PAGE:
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A finely painted headdress finial carved in the form of the dorsal fin of an orca | Donald Ellis Gallery

Dorsal Fin

Tsimshian
Northern British Columbia

ca. 1840-1860

wood, paint, hide

height: 13 ½"

Inventory # N2978-4

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PROVENANCE

acquired by the Scottish Reverend Robert J. Dundas from Anglican lay minister William Duncan in 1863 at the village of Metlakatla, BC
by descent in the family
Simon Carey, London, United Kingdom
Sotheby’s New York, Oct 5, 2006, lot 39

PUBLISHED

Tsimshian Treasures, Ellis (ed.), Vancouver, Douglas & McIntyre, 2007, pgs. 76-77

The present headdress finial was acquired by the Scottish Reverend Robert J. Dundas from the English lay missionary William Duncan on a trip to Canada in 1863. In 1862, Duncan had established a model Church of England mission at Old Metlakatla, an abandoned settlement near Prince Rupert, B.C. Dundas acquired almost 80 objects from Duncan, including crest helmets, rattles and antler clubs which remained in the Dundas family for several generations.

The dorsal fin is a clear, iconic symbol for the killer whale, foremost crest of the Gisputwada or killer whale clan. Some examples of carved fins like this were made to attach to a sculptured wooden hat or headpiece by way of a carved tenon on the fin that fit into a corresponding mortise on the hat or headpiece. This masterfully carved and painted fin was made as a headpiece in itself, and such fins of this type were known by a title that translates as “Fin of Scalp” (see Hoover, Alan L., The History of The Dundas Collection, in: Tsimshian Treasures, Ellis (ed.), Vancouver, Douglas & McIntyre, 2007, pg. 57).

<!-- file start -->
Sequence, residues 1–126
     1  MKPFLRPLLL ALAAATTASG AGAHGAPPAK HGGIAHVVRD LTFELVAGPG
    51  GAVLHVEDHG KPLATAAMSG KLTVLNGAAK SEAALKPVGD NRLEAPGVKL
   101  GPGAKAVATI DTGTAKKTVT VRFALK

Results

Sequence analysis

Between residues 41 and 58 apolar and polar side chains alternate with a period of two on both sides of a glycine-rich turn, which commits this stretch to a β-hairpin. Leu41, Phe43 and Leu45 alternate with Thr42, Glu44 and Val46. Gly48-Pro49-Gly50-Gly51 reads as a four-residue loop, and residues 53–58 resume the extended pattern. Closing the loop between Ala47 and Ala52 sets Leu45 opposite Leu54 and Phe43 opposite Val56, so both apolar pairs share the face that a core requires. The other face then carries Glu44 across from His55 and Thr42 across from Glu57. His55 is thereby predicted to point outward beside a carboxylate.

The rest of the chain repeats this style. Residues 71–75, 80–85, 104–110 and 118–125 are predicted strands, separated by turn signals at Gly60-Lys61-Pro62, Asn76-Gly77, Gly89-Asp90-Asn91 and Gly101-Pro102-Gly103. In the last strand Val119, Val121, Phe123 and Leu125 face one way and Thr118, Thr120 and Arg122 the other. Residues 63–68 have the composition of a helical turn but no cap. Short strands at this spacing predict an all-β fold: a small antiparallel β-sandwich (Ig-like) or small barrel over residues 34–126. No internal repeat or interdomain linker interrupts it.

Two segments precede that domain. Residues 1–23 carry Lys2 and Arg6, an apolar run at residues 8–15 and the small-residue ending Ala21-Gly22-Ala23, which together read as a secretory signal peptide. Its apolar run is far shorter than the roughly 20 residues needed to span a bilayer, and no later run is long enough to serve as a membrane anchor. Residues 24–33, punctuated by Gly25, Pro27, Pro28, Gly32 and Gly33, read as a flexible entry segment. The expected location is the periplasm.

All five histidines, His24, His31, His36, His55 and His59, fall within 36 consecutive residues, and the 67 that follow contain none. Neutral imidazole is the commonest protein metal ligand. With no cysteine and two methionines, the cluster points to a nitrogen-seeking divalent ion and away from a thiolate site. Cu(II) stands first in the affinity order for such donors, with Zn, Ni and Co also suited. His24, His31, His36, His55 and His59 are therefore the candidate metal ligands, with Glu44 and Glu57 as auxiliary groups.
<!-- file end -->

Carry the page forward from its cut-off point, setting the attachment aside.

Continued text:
The wooden fin is attached to a small piece of thick hide by way of two iron nails. The hide piece in turn was tied atop one’s head with tanned leather chin straps that are now broken off and missing. The hide piece has dried and curled with age, but once may have featured small tufts of human hair set into the small holes near its outer edge.

A masklike humanoid face is relief-carved at the base of the fin, a convention often seen in this type of free-standing dorsal fin representation. This example of shallow face carving is similar to those commonly seen in elaborate carved chest designs, where small, masklike faces peer from within the swirling formlines of the painted image. The round eye with very short eyelid points and the use of the blue-green color in only the upper half of the eye socket are both traits of Tsimshian style. The use of a red modified U-shape in the lower half of the eye socket is a very unusual feature, but one that balances well with the use of red on the upper part of the fin.

All the expertly carved and painted work on this fin suggests that its maker was an inspired and highly respected artist. Standing tall above a crowd and tilting with the turns and movements of its wearer’s head, such a fin would have been an impressive sight at a feast, dance performance or other ceremonial occasion.